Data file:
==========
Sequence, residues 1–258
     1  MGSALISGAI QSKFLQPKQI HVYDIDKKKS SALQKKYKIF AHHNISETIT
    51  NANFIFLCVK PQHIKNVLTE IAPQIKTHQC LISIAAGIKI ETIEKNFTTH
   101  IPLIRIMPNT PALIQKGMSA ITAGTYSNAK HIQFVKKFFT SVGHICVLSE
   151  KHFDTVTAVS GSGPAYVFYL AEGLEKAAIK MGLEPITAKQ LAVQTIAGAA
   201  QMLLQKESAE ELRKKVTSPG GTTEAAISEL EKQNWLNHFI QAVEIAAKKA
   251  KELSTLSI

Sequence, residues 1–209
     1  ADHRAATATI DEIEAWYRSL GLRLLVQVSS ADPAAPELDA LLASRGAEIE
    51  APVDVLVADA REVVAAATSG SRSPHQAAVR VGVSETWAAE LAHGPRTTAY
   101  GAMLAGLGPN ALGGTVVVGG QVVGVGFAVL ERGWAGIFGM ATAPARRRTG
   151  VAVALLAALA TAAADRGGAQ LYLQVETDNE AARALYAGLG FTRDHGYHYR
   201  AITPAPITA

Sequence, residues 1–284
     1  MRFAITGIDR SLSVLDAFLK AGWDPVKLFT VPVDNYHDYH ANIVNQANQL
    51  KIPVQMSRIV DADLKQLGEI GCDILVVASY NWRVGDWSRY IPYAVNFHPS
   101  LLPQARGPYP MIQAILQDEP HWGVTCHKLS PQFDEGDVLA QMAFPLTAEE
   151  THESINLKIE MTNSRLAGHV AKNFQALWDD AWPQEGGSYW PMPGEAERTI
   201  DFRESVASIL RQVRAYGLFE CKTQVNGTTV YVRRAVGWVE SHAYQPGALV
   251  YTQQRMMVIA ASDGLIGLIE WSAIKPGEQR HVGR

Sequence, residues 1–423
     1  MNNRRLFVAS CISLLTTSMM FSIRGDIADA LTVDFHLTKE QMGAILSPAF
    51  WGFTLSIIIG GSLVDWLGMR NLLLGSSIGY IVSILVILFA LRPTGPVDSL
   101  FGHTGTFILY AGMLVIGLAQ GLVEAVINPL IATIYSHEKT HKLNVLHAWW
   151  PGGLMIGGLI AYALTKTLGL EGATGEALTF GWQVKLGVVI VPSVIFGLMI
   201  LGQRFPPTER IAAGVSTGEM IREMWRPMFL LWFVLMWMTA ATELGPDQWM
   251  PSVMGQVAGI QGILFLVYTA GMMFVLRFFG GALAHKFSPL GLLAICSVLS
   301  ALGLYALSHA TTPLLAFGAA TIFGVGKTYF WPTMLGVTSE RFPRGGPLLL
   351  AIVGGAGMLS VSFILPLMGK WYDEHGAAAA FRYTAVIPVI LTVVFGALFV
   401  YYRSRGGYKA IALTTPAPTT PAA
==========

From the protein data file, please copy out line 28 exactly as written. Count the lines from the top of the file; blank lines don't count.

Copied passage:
   301  ALGLYALSHA TTPLLAFGAA TIFGVGKTYF WPTMLGVTSE RFPRGGPLLL